Sooooo many projects and so little time. I have my evenings back now that the Olympics are over. I found it fun to watch but got a little obsessed trying to watch everything. The PVR was heavily used these last few weeks - it was filled with Olympics and the daily Sew Much More episodes. I'm currently whittling away at the sewing shows. My husband hooked up my computer to the output of the satellite receiver so I can watch TV in the sewing/computer room. The real benefit is that while he's engrossed in XBox and hogging the TV, I can still watch things we've saved on the PVR. And I can save them to the hard drive too! The quality is not the best, but it works.

    Anyway, back to sewing. Or knitting. I was inspired to start this blog after reading knitter blogs. Alas, sewing is not quite as "in" as knitting is these days and knitter blogs far outweigh sewing blogs. But still, it's a neat way to chronicle one's projects and can be a fun outlet for amateur writing. My interest in knitting was renewed when I read about and saw pictures of the wonderful sweaters these knitting bloggers were creating. I bought sock yarn. I bought frou-frou yarn to make scarves. I thought I would multi-task by spending my TV time knitting as well. Hasn't happened.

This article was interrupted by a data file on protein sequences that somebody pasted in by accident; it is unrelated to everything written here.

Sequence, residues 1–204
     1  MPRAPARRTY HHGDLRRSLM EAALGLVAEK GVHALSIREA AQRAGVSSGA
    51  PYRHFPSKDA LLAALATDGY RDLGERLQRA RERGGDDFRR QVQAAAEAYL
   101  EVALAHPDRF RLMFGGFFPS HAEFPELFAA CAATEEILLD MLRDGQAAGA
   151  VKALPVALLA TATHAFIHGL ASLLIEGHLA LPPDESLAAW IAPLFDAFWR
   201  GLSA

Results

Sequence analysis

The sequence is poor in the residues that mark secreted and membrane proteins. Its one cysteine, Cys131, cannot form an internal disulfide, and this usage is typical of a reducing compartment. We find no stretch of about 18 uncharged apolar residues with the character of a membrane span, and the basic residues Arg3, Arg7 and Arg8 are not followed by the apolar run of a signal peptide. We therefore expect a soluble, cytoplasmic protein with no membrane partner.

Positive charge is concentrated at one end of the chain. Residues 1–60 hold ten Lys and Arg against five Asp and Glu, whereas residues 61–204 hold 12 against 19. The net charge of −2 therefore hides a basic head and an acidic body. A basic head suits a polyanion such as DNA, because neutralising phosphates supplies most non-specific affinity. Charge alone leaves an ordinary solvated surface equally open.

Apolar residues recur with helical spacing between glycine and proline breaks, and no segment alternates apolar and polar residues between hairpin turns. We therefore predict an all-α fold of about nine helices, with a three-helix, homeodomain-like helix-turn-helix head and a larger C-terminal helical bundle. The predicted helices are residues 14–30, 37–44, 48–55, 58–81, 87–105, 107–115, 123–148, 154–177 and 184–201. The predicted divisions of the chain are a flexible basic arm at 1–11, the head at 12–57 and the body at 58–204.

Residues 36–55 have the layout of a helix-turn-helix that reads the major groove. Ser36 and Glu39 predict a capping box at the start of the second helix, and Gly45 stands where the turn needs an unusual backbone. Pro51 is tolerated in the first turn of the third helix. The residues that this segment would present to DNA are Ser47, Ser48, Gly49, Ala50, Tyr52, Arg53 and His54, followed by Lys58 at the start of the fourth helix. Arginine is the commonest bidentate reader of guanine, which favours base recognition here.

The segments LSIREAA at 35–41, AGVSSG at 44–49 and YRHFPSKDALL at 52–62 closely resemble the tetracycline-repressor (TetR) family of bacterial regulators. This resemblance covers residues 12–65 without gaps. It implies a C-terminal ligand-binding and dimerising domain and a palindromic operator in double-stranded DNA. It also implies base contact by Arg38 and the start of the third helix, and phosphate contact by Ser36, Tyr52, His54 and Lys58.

However, I am sewing and that's a good thing. But whenever I finish a project I get overwhelmed by what to work on next. Should I work on something for this season or next? Should I try something new or use a pattern I've sewn already? Do I start with a pattern and find the fabric (it better be stash fabric) or pick a fabric and find a pattern? Easy or challenging? Or perhaps I should work on the drapes I've been meaning to make or quilts that I've started and not finished?

    I decided last night to work on a short sleeve blouse I started. The muslin didn't quite fit so I decided to look more closely into why it doesn't fit. The muslin fits fine in the upper chest and shoulders but is too small across the bust and waist. If I go up a size, it will be too big in the upper chest. This is a common problem for me. I consulted Fast Fit by Sandra Betzina and found that the breast apex on my pattern is about 1 inch too low and 1 inch toward my arm. The instructions for fixing it call for starting with a garment that fits everywhere except the upper chest, which means that I need to cut the bigger size and alter the pattern for my small upper chest. The alteration calls for adjusting the both the bodice and the sleeve patterns. I'm hoping to work on it tonight.